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Why Russia will not trade land for peace

Article by Jan Lipavský, Minister of Foreign Affairs, on the 55th anniversary of the Soviet-led invasion to Czechoslovakia, explaining why a negotiated peace that would yield the territory of Ukraine is not a good idea.

Fifty-five years ago, half a million Soviet soldiers began to occupy Czechoslovakia. Over six thousand tanks rolled over the Prague Spring dream held by a large portion of our citizens. A dream that communism could be reformed and that in countries controlled by Moscow people could enjoy freedom of expression and their opinion would not get them kicked out of school and work or even imprison them.

Until the night of the 20th-21st of August, people were convinced  that the Kremlin had no reason to send an army against our government, considering that Czechoslovakia had no intention to leave the Soviet-led military and economic pacts and the communist party and its leadership were at the peak of their popularity. Kremlin leaders were petrified by the idea that citizens of the Soviet Union could also demand freedom of speech, including those in Ukraine, which shared a border with Czechoslovakia. The risky decision to occupy our country, which could have theoretically been defended by over 200,000 soldiers at the time, came precisely from this fear of freedom and its contagious nature.

Half a century ago, Leonid Brezhnev more or less succeeded: although he failed to install a pre-planned puppet government, the Kremlin effectively carried out a coup. The communist leadership of that   time decided not to defend the country from the foreign invasion, and after the Soviets abducted them to Moscow, they yielded completely. In the Ukrainian case, today’s Russia still thinks the same way as 55 years ago—it fears freedom of speech, plurality of opinion, and free elections that Ukraine has been honouring for over 30 years already. Vladimir Putin has understood that threats and blackmail will not stop the Ukrainian desire for freedom, and the only option is to crush it by force. He wanted to repeat Brezhnev's success and carry out a coup, quickly occupy the country, and, possibly, divide it. He did not succeed because he underestimated the Ukrainians, bravely defending their country against foreign tanks for a year and a half.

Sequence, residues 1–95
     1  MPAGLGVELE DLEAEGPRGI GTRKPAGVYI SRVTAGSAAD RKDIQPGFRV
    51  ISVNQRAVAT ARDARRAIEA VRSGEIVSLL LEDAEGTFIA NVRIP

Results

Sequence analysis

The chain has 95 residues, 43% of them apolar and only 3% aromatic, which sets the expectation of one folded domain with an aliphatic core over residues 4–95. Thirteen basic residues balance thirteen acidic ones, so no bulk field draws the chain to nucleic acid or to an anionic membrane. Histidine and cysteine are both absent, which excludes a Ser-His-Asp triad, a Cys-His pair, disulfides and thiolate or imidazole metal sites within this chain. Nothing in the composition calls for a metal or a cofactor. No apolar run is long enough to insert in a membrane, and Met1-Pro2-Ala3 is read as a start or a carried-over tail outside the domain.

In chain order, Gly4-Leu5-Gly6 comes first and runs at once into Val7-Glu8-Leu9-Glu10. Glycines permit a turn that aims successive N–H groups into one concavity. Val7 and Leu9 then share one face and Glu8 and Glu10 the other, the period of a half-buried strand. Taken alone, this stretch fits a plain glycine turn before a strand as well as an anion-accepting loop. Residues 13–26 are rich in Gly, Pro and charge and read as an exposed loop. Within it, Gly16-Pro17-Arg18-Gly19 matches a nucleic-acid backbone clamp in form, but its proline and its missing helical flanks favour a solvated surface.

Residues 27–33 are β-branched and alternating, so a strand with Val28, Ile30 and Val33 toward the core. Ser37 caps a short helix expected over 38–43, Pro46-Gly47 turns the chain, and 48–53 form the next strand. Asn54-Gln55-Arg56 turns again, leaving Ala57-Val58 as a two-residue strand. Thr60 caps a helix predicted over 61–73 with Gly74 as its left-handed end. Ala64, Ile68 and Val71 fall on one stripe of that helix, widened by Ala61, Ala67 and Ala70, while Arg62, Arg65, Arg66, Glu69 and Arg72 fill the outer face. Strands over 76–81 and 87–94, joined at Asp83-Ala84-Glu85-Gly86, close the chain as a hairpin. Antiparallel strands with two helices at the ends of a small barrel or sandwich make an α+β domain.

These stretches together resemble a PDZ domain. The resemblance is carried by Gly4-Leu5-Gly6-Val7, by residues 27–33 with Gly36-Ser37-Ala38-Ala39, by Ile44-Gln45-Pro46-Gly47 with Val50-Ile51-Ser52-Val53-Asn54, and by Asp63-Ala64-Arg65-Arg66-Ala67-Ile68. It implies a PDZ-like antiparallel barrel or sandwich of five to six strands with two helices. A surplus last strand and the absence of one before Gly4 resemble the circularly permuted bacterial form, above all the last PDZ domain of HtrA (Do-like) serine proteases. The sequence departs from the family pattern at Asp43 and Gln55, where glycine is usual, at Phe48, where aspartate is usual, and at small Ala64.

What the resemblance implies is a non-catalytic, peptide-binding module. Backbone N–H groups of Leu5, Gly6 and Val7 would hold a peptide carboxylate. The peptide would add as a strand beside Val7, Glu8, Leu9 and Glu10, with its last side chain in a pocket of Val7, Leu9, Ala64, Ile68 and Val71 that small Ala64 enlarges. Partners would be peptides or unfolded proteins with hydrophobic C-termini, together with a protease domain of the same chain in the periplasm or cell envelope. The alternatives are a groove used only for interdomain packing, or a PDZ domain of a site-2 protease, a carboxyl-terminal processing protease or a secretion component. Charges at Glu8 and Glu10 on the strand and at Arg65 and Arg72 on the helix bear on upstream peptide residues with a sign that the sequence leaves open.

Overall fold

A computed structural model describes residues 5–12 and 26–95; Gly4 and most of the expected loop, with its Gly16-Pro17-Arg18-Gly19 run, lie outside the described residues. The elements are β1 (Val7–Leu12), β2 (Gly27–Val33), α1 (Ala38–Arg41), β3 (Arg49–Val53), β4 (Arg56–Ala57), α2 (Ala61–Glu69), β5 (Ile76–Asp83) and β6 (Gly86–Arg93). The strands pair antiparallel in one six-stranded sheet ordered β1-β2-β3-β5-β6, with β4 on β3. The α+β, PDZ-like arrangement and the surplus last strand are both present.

Defense has a high price in civilian and military casualties, unfathomable material damages, and almost daily drone and cruise missile strikes on civilian infrastructure. Ukraine cannot do without long-term military shipments and further Western support; therefore, the seemingly logical question is whether it would not be better for everyone to negotiate peace with the Kremlin in exchange for territorial concessions from the Ukrainian side.

However, such a traded peace would not work and would also be dangerous for the future of all of Europe. Russia and other totalitarian countries must not get used to changing borders by force. It would lead to more wars on the continent. And it would be naive to think that Russia would not continue its war against the Ukrainian independence. After all, the forfeiting of the Sudetenland to Hitler by the 1938 Munich Agreement has been followed by the occupation of Czechoslovakia in less than half a year, and the start of World War II not even in a year.

Kremlin leaders don’t care about Crimea or eastern Ukraine or even southern Ukraine. This war is not about territory, it is a war about values and Russia’s fear of freedom of speech and free elections. This fear is almost immutable among Russian leaders and it cannot be soothed by a territory or concessions. Our only defense against it is an active support of Ukraine and the support of  its accession to NATO and the EU. The fact is, Russia doesn’t dare to bully stronger powers.

Jan Lipavský, Minister of Foreign Affairs of the Czech Republic
Published in the daily newspaper Právo